“The only one that’s left to trust / My faithless heart wasted us…” Wow. To describe the highlighted lyric as merely poetic would an understatement. Matt Nathanson possesses the wonderful gift to compose songs that are thoughtfully conceived, in the singer/songwriter vein. Not only can Nathanson pen ‘em, he can also sing them with great passion and nuance. On his 2013 effort, Last of the Great Pretenders, Nathanson delivers a set of 11 songs that soundly represent his musical talents. Tightly assembled at under 40 minutes, Last of the Great Pretenders is no ‘pretender’ itself, easily captivating.
“Earthquake Weather” creates a quite a favorable first impression, establishing a head-nodding, piano-ostinato fueled groove. Setting the tone compellingly, “Earthquake Weather” eschews the ‘middle of the road’ trap. Over the course of his vocal performance, Nathanson radiates with personality, whether it’s the emphasis he places on certain melodic lines or the infectious jubilance on the recurring, soulful “wo oh oh!” Single “Mission Bells” continues to propel the momentum, with dusty, soulful drums coupled with some sweet flashes of falsetto. Affected by a dream of his lover’s death, Nathanson wishes to share his dedication to his lover, inquiring “What kind of man misunderstands a woman like you” and “What kind of fool thinks love’s a prison or a handicap?” Where many may come off as schmaltzy, Nathanson delivers his Hitchcock, ‘love story via street fight’ convincingly.
“Last Days of Summer in San Francisco” finds Nathanson singing in his lower register initially, before ascending into his more triumphant mid/upper register. Crafted narratively, Nathanson illustrates an ‘exhausted’ summer (“We spent July in a Berkley basement / Half read books and bold declarations”), summed up by its chorus (”...we’ll fade out to whispers / It’s the last days of summer in San Francisco”). Of the opening trio, “Last Days” would most warrant a middlesome label. However, I think it manages to escape unscathed… for the most part.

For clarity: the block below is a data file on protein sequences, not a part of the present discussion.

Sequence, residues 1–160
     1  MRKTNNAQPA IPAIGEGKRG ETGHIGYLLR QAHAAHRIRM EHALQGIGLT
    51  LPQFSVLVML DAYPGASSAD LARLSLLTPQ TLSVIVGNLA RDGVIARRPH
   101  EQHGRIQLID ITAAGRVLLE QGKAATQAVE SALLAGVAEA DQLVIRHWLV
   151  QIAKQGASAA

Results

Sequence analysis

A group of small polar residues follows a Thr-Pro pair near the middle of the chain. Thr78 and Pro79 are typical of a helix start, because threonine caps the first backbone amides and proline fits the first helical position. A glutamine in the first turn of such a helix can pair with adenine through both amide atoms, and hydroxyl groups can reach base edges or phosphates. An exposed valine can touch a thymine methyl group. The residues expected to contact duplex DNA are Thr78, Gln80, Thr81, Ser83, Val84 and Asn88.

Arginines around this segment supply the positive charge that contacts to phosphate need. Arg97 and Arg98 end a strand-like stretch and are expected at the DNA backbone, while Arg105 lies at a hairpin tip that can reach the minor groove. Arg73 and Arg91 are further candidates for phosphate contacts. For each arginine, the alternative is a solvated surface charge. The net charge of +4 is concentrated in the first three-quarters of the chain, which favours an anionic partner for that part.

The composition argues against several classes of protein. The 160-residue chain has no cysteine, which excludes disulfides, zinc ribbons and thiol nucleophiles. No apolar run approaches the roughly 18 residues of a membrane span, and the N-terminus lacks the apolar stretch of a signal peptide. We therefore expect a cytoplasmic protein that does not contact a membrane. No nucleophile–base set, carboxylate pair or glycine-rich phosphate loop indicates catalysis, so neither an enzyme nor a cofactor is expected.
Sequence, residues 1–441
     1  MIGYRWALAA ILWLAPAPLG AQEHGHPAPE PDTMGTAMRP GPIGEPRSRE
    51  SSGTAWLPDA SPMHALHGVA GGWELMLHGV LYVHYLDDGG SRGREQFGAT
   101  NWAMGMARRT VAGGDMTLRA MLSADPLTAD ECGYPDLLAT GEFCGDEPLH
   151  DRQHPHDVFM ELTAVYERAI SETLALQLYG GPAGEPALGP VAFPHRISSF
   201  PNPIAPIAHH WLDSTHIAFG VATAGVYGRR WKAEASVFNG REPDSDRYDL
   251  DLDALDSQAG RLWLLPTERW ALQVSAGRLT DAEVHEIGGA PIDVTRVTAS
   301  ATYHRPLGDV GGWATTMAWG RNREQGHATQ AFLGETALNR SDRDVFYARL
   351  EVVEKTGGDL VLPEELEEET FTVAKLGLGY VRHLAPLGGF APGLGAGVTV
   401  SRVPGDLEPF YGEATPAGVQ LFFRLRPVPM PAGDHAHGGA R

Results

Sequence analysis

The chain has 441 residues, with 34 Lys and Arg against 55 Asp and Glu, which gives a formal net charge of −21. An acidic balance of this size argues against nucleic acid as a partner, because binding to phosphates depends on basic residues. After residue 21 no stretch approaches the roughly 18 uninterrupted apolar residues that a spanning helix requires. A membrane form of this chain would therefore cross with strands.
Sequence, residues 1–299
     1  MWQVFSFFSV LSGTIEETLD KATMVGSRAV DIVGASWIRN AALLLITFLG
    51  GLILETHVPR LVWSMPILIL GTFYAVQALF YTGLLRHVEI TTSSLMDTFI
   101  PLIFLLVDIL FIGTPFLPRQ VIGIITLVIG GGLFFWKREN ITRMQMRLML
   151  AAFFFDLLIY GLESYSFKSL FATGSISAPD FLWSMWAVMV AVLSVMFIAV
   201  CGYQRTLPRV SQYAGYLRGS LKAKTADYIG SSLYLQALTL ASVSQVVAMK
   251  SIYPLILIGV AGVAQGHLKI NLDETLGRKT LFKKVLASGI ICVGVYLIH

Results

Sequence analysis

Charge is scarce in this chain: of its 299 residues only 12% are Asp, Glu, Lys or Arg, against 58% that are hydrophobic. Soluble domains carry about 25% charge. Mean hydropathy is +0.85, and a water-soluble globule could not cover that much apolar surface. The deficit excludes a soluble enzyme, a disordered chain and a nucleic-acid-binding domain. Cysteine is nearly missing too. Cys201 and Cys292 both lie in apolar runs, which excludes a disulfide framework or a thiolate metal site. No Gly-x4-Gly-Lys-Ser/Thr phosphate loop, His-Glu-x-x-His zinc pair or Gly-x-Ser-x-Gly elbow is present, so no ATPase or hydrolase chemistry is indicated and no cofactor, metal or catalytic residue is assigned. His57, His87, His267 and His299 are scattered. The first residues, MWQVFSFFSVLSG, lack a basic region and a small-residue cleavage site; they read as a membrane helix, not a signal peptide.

The contrasts of a quicker tempo and lightheartedness is welcomed on “Kinks Shirt”, in which Nathanson’s digging on “...that girl in the Kinks shirt”. After revealing his infatuation of her every move, he then trades his inner hipster for more sensitive-mindedness via “Sky High Honey”. Restrained without a feeling lethargic, Nathanson sounds incredibly sincere. He continues to exhibit differing facets of himself musically, hitting the jackpot on the rocking “Annie’s Always Waiting (For the Next One to Leave)”. Flexing his adventuresome, rockstar muscles, Nathanson boasts, “Annie’s always waiting for the next one to leave… she’s always on time for me.” As much as “Annie’s Always Waiting” benefits from its levity, it equally benefits from its orderliness as far as its form.
“Kill the Lights” continues to present Last of the Great Pretendersas the ‘gift that keeps on giving’, even being more predictable than its predecessors. “Heart Starts” atones for any miscues, providing the singer with a well suited folk-pop backdrop intact with acoustic guitar. The enthusiasm translates onto “Birthday Girl”, though it’s less impressive. Penultimate track “Sunday New York Times” slackens the tempo, with Nathanson blaming himself for the failings of a relationship (“You were the saint, and I was the liar…”) and later reasoning “… Sometimes you’re still mine, between the lines of the Sunday New York Times”. “Farewell December” closes solidly, but lacks the same punch that was showcased by the front of the album.
When all is said and done, Last of the Great Pretenders is a well assembled, enjoyable album. Even when the material is slightly less ear-catching, Nathanson remains in good voice, always delivering. Ultimately, Last of the Great Pretenders has no glaring missteps and is a welcome addition to his discography.
// Sound Affects
"The man whose songs were recorded by Johnny Cash, Alan Jackson, Ricky Skaggs, David Allan Coe, The Highwaymen, and countless others succumbs to time’s cruel cue that the only token of permanence we have to offer are the effects of shared moments and memories.READ the article